What was the decision behind releasing an update version of the rulebook, rather than just a standard re-print?
Matt: After a few years of player feedback and the results of tournaments, we’d gone through a number of tweaks and changes. In addition, the Rules Committee felt that there were some things it would be good to introduce now, rather than wait for a future date when a new edition of the game might come about. So not only did it give us the chance to incorporate much of the existing FAQ and errata, but it also gave us the chance to include the Ice & Iron campaign, merging two books into one and giving people loads more content for their money. A win-win!
Was there anything, in particular, you really wanted to make sure was included in the new rulebook?
Matt: Certainly the errata and clarifications for certain rules. We’ve also tried to make some things internally more consistent (for example, the way Jumping tests work). We also took the opportunity to address some common misconceptions or things new players missed or didn’t quite grasp easily – the biggest one being a simply terminology change, renaming Forced Fatigue to Heroic Effort, to help make a clear distinction from “normal” fatigue.
If someone is just starting on their Vanguard journey, what’s the best way to get started with the game?
Matt: The free rules from the mantic website are the best place to go. You get all the rules plus a couple of sample scenarios to try the game out. All the warbands are also free on the site so it’s really easy to pick a couple to try the game out with before you jump in to the full rules and start building your new warbands.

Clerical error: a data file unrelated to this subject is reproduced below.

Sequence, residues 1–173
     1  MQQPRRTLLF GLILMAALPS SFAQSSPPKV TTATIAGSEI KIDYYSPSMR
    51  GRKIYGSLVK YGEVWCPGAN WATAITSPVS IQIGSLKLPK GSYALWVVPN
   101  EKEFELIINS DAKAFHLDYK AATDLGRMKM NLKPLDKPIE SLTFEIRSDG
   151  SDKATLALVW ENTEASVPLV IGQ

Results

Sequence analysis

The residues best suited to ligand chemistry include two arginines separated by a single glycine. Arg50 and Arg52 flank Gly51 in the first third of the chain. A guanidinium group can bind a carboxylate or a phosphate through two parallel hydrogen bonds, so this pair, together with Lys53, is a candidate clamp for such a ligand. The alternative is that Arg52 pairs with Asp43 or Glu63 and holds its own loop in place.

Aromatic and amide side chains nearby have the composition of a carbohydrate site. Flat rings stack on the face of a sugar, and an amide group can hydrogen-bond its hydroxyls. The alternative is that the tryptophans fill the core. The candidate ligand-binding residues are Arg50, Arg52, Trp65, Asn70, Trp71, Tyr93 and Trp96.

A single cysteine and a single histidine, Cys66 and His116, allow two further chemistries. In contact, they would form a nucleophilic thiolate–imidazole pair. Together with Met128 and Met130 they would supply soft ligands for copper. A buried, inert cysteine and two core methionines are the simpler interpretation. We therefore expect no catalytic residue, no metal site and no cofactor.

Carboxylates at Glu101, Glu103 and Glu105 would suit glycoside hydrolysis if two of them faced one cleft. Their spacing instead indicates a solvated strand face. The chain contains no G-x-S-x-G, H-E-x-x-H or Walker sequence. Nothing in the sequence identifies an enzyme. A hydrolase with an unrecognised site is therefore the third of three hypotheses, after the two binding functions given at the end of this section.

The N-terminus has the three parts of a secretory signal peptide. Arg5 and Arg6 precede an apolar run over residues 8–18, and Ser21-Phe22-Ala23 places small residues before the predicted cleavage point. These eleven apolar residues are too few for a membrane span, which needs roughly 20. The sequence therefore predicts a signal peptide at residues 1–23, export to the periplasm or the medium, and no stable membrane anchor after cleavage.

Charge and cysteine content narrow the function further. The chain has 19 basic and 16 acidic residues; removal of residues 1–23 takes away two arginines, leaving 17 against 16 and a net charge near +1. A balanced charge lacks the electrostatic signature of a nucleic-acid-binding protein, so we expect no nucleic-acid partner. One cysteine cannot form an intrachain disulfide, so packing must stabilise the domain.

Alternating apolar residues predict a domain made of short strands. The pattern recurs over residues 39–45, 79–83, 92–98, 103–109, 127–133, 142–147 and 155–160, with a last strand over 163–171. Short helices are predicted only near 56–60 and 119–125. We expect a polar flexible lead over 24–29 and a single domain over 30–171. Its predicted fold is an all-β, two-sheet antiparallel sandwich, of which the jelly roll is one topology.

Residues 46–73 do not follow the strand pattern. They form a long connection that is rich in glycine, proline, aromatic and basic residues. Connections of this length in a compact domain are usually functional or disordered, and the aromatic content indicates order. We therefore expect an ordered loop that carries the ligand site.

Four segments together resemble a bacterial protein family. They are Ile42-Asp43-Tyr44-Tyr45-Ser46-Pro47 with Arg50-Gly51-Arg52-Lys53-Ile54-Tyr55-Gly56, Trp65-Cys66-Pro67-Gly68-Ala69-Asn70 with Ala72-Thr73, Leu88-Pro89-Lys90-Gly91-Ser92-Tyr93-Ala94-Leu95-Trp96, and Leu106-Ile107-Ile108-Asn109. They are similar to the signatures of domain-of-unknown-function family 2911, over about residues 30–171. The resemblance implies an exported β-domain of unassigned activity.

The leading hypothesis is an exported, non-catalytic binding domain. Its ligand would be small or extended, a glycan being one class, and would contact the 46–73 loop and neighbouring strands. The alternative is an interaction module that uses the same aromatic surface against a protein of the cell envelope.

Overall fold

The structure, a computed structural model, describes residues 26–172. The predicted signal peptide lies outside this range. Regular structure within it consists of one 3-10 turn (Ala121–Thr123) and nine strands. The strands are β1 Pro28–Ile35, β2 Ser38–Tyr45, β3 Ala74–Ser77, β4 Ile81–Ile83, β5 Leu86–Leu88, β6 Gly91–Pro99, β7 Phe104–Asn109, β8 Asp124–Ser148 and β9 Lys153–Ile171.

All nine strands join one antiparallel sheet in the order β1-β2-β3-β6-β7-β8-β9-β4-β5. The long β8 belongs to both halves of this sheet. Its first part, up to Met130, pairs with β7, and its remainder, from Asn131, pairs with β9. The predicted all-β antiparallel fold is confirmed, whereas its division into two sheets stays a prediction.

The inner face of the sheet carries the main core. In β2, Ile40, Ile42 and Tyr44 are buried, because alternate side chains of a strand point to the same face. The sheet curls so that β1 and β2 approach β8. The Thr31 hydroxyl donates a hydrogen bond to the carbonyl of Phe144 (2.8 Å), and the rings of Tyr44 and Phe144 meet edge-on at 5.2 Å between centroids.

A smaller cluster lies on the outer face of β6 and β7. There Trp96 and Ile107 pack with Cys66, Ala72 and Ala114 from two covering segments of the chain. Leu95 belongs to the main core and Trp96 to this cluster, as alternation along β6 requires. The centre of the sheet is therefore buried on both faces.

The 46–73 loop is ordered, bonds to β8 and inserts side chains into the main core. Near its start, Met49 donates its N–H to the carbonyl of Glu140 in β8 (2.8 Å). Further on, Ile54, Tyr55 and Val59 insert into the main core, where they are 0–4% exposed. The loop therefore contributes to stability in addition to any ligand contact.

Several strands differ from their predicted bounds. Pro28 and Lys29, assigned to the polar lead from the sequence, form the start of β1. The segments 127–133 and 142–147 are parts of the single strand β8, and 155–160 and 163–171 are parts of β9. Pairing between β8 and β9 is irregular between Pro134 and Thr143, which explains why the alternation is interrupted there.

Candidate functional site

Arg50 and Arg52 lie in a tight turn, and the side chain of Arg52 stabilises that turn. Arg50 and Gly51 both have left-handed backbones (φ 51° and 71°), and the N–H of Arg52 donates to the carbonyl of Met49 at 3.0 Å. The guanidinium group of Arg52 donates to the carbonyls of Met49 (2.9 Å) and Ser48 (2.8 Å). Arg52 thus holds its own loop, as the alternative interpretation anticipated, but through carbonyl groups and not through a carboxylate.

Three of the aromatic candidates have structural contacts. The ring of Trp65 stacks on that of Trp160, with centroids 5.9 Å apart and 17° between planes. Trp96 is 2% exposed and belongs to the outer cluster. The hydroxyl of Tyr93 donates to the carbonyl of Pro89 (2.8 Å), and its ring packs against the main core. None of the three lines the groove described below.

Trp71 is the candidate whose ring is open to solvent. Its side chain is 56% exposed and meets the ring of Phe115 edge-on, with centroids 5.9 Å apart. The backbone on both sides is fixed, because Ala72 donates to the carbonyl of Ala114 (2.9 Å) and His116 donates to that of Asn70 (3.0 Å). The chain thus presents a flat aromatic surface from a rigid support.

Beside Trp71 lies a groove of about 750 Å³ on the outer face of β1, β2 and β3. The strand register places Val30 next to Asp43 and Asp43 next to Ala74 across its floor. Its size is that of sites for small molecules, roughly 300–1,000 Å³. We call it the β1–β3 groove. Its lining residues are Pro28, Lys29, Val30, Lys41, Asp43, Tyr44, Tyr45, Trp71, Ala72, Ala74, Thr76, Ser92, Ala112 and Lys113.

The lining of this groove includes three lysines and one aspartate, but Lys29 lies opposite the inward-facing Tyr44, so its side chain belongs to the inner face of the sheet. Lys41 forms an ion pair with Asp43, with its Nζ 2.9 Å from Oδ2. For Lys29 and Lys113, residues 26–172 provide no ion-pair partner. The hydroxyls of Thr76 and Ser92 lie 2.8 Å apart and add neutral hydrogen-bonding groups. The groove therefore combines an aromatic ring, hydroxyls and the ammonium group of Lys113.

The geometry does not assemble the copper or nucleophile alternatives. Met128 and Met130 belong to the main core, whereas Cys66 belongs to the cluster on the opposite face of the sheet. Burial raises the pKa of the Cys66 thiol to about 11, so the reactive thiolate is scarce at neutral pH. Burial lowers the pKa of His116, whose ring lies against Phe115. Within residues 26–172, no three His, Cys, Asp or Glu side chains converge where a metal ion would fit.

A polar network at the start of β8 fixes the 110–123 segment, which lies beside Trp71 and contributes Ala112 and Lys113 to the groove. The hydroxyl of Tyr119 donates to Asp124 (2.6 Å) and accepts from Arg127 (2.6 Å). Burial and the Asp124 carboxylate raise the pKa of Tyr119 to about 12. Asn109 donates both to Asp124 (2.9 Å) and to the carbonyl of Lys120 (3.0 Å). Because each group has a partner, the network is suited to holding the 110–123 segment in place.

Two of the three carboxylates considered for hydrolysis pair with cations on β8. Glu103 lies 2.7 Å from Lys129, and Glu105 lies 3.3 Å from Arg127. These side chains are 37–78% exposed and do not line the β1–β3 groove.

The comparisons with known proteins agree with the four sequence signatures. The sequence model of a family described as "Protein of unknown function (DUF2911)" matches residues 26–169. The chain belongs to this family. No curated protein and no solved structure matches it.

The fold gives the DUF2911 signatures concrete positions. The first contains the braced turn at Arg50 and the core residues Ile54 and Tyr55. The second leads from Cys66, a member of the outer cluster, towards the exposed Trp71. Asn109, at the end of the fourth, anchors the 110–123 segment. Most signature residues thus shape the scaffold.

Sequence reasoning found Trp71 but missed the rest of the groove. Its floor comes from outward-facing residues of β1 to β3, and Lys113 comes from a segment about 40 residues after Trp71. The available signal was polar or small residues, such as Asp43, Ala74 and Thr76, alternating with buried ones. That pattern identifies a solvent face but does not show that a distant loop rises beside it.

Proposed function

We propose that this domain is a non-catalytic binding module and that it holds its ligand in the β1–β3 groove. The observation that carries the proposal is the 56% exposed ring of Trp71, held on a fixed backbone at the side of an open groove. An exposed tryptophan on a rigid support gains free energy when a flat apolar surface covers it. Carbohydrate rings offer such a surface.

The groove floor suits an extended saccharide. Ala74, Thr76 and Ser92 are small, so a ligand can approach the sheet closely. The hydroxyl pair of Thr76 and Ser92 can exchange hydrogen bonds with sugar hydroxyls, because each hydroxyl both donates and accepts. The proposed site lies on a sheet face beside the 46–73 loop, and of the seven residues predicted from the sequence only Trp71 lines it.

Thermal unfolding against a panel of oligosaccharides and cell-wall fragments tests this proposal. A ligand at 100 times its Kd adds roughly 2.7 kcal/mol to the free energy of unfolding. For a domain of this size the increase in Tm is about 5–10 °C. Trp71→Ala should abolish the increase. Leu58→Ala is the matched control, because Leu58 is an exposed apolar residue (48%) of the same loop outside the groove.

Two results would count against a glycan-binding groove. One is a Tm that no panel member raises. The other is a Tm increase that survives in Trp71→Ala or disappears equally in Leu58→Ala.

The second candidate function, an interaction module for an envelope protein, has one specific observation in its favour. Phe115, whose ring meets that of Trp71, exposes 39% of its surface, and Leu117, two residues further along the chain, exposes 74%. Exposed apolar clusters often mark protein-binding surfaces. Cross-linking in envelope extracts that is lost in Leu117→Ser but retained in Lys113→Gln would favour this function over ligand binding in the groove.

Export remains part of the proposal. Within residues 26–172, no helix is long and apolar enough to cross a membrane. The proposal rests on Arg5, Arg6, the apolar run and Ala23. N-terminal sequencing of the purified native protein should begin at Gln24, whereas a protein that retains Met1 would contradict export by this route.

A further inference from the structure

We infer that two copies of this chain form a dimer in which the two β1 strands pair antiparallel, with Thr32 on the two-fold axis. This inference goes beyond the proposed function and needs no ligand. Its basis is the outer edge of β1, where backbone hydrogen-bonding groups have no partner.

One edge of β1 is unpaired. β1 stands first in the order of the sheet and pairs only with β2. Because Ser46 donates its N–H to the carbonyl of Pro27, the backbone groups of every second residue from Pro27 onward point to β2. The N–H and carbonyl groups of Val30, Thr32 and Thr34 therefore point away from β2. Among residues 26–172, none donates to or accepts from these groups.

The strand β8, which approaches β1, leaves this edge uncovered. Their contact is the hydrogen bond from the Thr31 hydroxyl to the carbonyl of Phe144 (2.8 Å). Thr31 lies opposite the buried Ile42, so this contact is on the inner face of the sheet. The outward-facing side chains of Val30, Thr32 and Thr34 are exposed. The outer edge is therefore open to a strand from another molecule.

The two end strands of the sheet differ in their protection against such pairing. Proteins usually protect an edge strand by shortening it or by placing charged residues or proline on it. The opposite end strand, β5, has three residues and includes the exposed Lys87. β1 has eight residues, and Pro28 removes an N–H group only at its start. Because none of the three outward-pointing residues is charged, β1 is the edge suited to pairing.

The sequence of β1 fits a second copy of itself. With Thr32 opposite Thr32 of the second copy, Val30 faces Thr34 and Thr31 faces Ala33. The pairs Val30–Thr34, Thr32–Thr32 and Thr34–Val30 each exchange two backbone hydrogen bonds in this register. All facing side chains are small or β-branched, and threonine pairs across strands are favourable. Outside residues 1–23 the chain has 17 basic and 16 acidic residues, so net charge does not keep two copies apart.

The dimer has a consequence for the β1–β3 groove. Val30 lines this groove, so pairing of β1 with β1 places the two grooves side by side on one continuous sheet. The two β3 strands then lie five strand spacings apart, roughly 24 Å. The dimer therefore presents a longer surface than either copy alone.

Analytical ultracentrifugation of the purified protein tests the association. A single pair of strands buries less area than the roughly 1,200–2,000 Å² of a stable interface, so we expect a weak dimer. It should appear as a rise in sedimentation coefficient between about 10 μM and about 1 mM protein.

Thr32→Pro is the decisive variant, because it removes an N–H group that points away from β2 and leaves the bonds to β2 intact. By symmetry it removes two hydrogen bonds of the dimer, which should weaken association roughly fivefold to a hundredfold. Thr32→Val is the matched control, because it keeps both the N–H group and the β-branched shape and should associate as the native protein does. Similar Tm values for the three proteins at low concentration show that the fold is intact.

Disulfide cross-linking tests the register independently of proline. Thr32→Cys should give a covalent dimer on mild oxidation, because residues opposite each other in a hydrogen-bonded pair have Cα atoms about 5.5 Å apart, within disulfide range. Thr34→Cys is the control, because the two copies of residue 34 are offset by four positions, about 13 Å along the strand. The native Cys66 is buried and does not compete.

We’ve also got the two-player set, so if you’ve got a friend or family member that wants to try out the game, you both get a faction and everything else you need to play.
It’s been a couple of years since Vanguard was launched – looking back on the project, what elements are you pleased with?
Matt: I think the way we’ve released the warbands has been really good (although I’m sure not fast enough for everyone!). I like the power dice mechanic and the scenarios we came up with. The portal has to be one of the most popular scenarios we have made for any game system.
On the other hand, is there anything you wish you could change?
Matt: Plenty! As a game designer there’s always more you could do, or do differently. And as you have time to play and get feedback, you are always planning the next version.
Solo rules will be released for free this week on the Mantic website, is that something you would like to do more of? Do you think people have realised the importance of solo play over the past year?
Matt: Certainly. This last year has brought solo play a lot more into the limelight. I think it’s something we will look at including more with the games we produce, including any new versions of games such as Vanguard.
Is it hard to give each faction a unique flavour? How do you go about making sure each one feels different?
Matt: It’s a good question, and one that makes you think hard in any game system, not just Vanguard. Fortunately, we have well developed themes with our factions from across the family of “Pannithor” games and so in each faction’s case, it’s more a question of developing that theme to fit the game’s system and scale, and then making a decision whether to introduce a slightly new spin on things, or a new idea to fit the theme (which might then find its way back to other games in the family in the future).
What’s your favourite faction so far and is there a faction you would particularly like to create?
Matt: I don’t really have a favourite. Each new one we flesh out is exciting while we work on it… until the next one comes along! Obviously I’d love to cover all the armies in Kings of War, including the themed ones – and Vanguard is a great place for us to try out whole new factions and themes that, if successful, can find their way into Kings of War as a new army or unit.